pfSense Multi-WAN Configuration: Part Four

pfSense multi-WAN

Setting up multi-WAN load balancing with failover in pfSense 2.2.4

The load balancing functionality in pfSense allows you to distribute traffic over multiple WAN connections in a round-robin fashion. This is done on a per-connection basis. A monitoring IP is configured for each connection, which pfSense will ping, if the pings fail, the interface is marked as down and removed from all pools until the pings succeed again.

pfSense Multi-WAN: Load Balancing 

In pfSense 2.0 and above, Services -> Load Balancer is not used to configure load balancing with a multi-WAN setup. Instead, we use Gateway Groups by navigating to System -> Routing and clicking on the Groups tab. Click the plus button to add a new gateway group.

In the Group Name field, you can enter a group name. The Gateway Priority section is where you configure load balancing. The Tier field determines the link priority in the failover group. Lower-numbered tiers have priority over higher-numbered tiers. Multiple links of the same priority will balance connections until all links at that level are exhausted. If all links in a priority level are exhausted, pfSense will use the next available link in the next priority level.

To illustrate how this works, I created three gateways: WAN, WAN1 and WAN2, as can be seen in the screen capture. Let’s assume that the WAN gateway is my main Internet connection (e.g. a cable modem). Assume that the WAN1 and WAN2 gateways are for my backup Internet connections (e.g. DSL). We want WAN to provide our primary connection to the Internet. When WAN is down, we want our Internet connectivity to be load balanced across WAN1 and WAN2. Therefore, we set WAN to Tier 1 and both WAN1 and WAN2 to Tier 2. Thus, when the higher priority WAN is down, the failover will user WAN1 and WAN2. If either WAN1 or WAN2 go down, pfSense will use the remaining functioning gateway, so that even if two of the gateways are down, we should have some Internet connectivity, albeit with limited bandwidth.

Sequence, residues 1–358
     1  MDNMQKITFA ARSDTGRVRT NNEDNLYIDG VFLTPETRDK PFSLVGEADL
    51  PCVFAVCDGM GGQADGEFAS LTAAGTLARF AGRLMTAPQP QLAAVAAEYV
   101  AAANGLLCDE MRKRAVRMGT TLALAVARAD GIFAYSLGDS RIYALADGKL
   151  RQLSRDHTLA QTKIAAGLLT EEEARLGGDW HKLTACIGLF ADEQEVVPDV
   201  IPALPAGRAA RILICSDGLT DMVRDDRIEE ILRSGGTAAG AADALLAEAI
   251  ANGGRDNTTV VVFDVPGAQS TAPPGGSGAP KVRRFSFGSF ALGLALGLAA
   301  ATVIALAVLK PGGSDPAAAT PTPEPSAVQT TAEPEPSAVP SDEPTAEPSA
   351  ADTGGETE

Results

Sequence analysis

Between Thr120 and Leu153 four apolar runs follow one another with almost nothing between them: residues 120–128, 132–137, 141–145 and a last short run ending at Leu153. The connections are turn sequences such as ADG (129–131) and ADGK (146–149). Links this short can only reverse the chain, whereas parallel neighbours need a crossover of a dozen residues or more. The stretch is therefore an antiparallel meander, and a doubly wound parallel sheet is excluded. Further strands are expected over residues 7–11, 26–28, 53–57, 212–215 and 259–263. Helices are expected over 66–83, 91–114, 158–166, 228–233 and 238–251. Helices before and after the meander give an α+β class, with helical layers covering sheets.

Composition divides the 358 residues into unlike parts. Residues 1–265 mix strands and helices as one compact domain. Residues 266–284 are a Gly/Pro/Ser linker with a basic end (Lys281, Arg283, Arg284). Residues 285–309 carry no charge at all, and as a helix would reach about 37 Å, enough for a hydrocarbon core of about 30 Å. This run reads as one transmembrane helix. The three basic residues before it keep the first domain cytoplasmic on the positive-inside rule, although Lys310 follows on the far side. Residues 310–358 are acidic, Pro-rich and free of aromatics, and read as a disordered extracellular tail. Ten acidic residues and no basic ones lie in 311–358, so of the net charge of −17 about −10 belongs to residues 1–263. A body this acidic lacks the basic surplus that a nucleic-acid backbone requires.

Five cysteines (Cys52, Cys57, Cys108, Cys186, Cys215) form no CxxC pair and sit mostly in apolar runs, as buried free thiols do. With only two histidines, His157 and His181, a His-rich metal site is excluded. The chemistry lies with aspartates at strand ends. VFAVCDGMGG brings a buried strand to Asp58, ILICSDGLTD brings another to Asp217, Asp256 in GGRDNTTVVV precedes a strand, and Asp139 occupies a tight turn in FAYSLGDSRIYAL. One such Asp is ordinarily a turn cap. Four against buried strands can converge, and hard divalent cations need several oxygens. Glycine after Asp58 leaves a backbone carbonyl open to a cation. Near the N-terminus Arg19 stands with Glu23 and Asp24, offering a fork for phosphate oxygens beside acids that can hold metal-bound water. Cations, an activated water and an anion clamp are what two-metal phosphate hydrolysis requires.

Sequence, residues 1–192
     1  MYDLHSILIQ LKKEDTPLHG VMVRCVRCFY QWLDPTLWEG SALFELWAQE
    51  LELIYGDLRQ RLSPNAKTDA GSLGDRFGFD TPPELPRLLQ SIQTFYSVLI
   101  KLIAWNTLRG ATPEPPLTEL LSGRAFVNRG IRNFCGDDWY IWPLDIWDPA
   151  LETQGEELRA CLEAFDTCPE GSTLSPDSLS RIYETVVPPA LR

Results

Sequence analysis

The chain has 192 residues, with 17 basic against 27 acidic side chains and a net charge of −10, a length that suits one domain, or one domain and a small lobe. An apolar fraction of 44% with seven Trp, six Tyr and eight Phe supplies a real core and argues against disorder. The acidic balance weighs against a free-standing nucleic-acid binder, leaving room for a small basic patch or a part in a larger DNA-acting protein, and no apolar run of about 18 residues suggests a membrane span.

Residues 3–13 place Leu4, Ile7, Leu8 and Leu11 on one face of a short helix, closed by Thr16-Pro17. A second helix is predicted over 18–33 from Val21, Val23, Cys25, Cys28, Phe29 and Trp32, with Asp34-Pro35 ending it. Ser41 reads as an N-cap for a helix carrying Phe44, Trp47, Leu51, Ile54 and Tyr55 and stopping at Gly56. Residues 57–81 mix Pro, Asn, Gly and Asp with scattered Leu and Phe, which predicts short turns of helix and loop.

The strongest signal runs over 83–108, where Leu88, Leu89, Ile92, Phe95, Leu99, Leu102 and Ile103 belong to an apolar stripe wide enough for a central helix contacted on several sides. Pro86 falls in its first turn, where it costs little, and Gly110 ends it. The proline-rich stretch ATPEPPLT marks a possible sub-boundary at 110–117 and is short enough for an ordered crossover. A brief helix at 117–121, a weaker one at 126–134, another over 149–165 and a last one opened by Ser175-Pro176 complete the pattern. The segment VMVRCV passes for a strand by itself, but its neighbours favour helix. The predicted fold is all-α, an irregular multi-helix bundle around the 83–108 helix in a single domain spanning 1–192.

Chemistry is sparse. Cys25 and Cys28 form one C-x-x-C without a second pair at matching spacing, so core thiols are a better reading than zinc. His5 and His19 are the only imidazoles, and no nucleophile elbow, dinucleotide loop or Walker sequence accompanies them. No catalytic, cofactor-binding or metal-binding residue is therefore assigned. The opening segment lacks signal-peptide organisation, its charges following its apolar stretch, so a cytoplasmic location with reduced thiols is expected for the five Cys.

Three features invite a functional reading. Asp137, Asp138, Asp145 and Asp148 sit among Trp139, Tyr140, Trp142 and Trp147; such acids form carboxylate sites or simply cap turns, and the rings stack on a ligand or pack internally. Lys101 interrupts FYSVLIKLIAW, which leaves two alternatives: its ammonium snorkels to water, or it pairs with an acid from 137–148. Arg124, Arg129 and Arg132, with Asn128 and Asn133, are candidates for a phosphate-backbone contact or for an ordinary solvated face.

The next field in the table, Virtual IP, allows you to select what virtual IP should be used when the gateway group applies to a local Dynamic DNS, IPsec or OpenVPN endpoint. In my example, since I was not setting up the gateway group to be used in any such scenario, I left this field unchanged.

The next field, Trigger Level, allows you to choose which events trigger exclusion of a gateway. The choices are Member Down, Packet Loss, High Latency, and Packet Loss or High Latency. I chose Packet Loss as the trigger. You can enter a brief Description, and press the Save button. On the next page, you’ll need to press the Apply Changes button.

Next, you need to redirect your firewall traffic to the new gateway. Navigate to Firewall -> Rules, and click on the tab of the interface whose traffic you want to redirect (e.g. LAN). Press the plus button to add a new rule. The default settings can be kept for most settings (Source and Destination should both be set to any). Scroll down to Advanced features, and press the Advanced button in the Gateway section. Select the gateway set up in the previous step in the dropdown box. Enter a brief Description, and press the Save button. On the next page, press the Apply Changes button. If you need to redirect traffic on other interfaces, you will have to set up firewall rules for those interfaces as well.

Finally, you need to navigate to System -> General Setup and make sure you have at least one DNS server for each ISP. This ensures that you still have DNS service if one or more gateways goes down. You may need to set up static routes for your DNS servers; part two of this series went into some detail on how to do this.

Once the gateway groups and firewall rules are configured, your multi-WAN load balancing setup should be complete.

External Links:

Network Load Balancing on Wikipedia

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